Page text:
Sometime Last Week: Chapter 6

I’ve Made up my Mind. Let’s Go.


We left on Tuesday.

When I took my mother her coffee and granola bar, she wasn’t in the chair by the window. Nor was she in bed. I found her in the shed. How did I miss her going out? She was digging through the suitcases we store with the gardening tools. When she noticed me she grabbed the granola bar and opened it right up. She hasn’t left her room since Christmas, when I practically drug her downstairs to eat the cheesecake I had made. She didn’t actually eat it. But in the shed, she’d eaten half the bar before she even spoke to me.

“Thanks, honey. This is perfect, I’m starving. Do you know what happened to the green plaid suitcase? I found my old brown one but I think the green would be perfect for you.”


“Yeah, it’s under the stairs. I put it there after the conference. Why do I need it? Wait, it’s great that you’re hungry. Do you want something else to eat?”


“Ehh, I’ll get something in a bit. We’re going to Wales, honey. I’ve already called the travel agent. They’re sending a car at 8. Oh, I should take my fuzzy sweater. I hear it’s always colder there. Don’t forget to tell those birds of yours. They’ll want to come too, though I’m sure they’ll have to fly themselves.”


I was so shocked at the time, I just went and found my suitcase. The Mohawk had apparently finished exploding at Henwyn and the kitchen was empty when I went through. What is Wales like? Images of sheep among rocks, and that weather reporter not stumbling over the longest town name ever. That’s all I knew about Wales.  I decided to pack sturdy shoes and a rain coat.  But first, I went up to tell the birds. The Mohawk wasn’t in the attic, but the other… what did Henwyn call them… magistrates were. Sybil was the most vocal, but all three of them were upset. I thought they might yell about how crazy it would be to go so far away. I thought they might stay behind or even go back to their own world. I think I hoped that they would leave, but they were more frustrated by the short notice than the plan itself. In the end, Sybil outdid Henwyn, and got the entire flock moving in what I assume was their version of packing. Fireflight still stared, as expected, but he did flick his tail once, and I’m almost certain the wing fluffing that happened when Henwyn thanked me was practically benign.


That night we had tomato soup and grilled cheese. Both of us. Together. My mother hasn’t been up like this in years. When I asked her what happened, she said she saw a bird in the clouds and that the bird had said Wales. My mother was never good at explaining. She used to be good at organizing people, but that was before. Perhaps she’s returned to her old self and decided not to join the smoke. Perhaps the smoke decided to let her go. Either way, she’s been a whirlwind of organization since Monday. I didn’t know travel agents still existed, but the one she hired is amazing. Now, we’re in this adorable little house with an attic for the birds, and, there are sheep just down the road. I glance out the window to check the weather. I’ve learned one thing about Wales. Here, there are always clouds. At least so far, there has always been a cloud somewhere in the sky. Most days start with a whole sky full of clouds. Not smoky clouds from the fires either, but real water clouds. This place is so green.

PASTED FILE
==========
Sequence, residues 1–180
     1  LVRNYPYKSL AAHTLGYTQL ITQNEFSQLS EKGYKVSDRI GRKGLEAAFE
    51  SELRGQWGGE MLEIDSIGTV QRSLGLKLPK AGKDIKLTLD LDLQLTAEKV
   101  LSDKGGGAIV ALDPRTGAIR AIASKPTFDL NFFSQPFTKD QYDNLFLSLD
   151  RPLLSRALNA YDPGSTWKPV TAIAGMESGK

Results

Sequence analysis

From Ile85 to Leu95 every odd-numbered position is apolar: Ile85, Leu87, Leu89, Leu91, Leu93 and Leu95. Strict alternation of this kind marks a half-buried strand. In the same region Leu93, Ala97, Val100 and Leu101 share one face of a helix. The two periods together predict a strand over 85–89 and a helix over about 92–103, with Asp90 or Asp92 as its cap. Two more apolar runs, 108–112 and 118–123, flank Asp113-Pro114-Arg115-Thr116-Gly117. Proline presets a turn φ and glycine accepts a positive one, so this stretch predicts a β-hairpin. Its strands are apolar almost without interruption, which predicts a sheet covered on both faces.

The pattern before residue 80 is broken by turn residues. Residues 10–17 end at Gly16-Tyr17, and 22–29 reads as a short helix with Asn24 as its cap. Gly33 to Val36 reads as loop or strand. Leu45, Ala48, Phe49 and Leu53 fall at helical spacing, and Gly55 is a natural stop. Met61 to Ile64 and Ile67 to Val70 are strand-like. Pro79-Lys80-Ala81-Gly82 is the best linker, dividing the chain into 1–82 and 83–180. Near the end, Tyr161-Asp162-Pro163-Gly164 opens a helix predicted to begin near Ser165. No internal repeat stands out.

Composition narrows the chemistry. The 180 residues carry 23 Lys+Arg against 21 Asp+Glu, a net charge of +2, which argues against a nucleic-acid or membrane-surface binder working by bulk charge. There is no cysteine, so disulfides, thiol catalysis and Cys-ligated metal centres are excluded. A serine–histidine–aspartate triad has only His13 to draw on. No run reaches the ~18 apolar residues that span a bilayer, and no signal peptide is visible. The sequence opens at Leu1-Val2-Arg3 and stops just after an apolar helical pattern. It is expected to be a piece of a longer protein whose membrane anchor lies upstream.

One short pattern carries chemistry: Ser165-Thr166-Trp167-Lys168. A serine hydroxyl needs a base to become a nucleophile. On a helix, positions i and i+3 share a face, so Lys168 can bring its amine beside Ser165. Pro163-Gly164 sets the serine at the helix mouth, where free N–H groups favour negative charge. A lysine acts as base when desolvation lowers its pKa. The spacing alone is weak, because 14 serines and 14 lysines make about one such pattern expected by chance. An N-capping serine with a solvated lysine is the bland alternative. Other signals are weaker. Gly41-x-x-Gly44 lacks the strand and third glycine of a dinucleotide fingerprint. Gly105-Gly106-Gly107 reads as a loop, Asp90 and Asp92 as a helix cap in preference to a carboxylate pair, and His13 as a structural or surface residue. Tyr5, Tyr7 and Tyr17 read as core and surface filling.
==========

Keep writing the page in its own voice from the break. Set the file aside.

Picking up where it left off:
It’s been 3 days since we arrived. The birds were here when the taxi dropped us off, but we haven’t done much since then. Mother never stops moving but she’s not actually doing much. Yesterday, she washed every single curtain in this cottage and hung them all outside in the yard to dry. They’re still out there. The sheep are very nice. I’ve been to see them a few times now and the man watching them seems nice too. He always nods at me, but I’ve never gone close enough to speak to him. I’ve seen him sitting on this one rock or walking along the fence down at the end of the field. I think I’ll head over there now. There are a lot of lambs out there and sometimes they come right up to the fence along the road.


The weather really is fine today. We’ll have to find a store to restock the food. I wonder if I should just go find one after I see the lambs, or ask if Mother wants to go tomorrow. The birds seem to be waiting for me to direct them, though I’m sure I don’t have a clue what we’re supposed to be doing. The box does nothing. This cottage is not like my house. I’m not sure I trust my mother’s sudden change, but, I guess, I also kind of expected something to happen when we got here. I don’t know what.


“So how are you an’ the lady settling in then?” The shepherd is suddenly there, leaning on the other side of the fence. I’m sure I jumped, but his face doesn’t change. He’s facing back toward the field, and watching me from the corner of his eye. I don’t answer, but he continues. “We were surprised when you first arrived, but we may be ready for a proper meeting as soon as tomorrow. The town is very pleased to host you all. Tha’ cottage has been quiet for far too long.”


Do all Welshmen speak this oddly, or just this one? I will take his words as an unofficial welcome to the neighborhood. Maybe it’s the official welcome. For all I know, this shepherd is the uncontested king of all this land. I’ve seen a few people at a distance over the fields, and cars go by often enough, but this place is definitely a SMALL town. Google told me that there is exactly one grocer, two gas stations, a bakery, and a single diner in the whole place. Still, I introduce myself to the man and ask where the closest place to buy food is. He tells me his name is Dylan, and points me down the road saying the grocer was just a kilometer or so away. After I thank him and start on my way he calls out once more.


“The Margravine would be proud of you.”



Louise Warren


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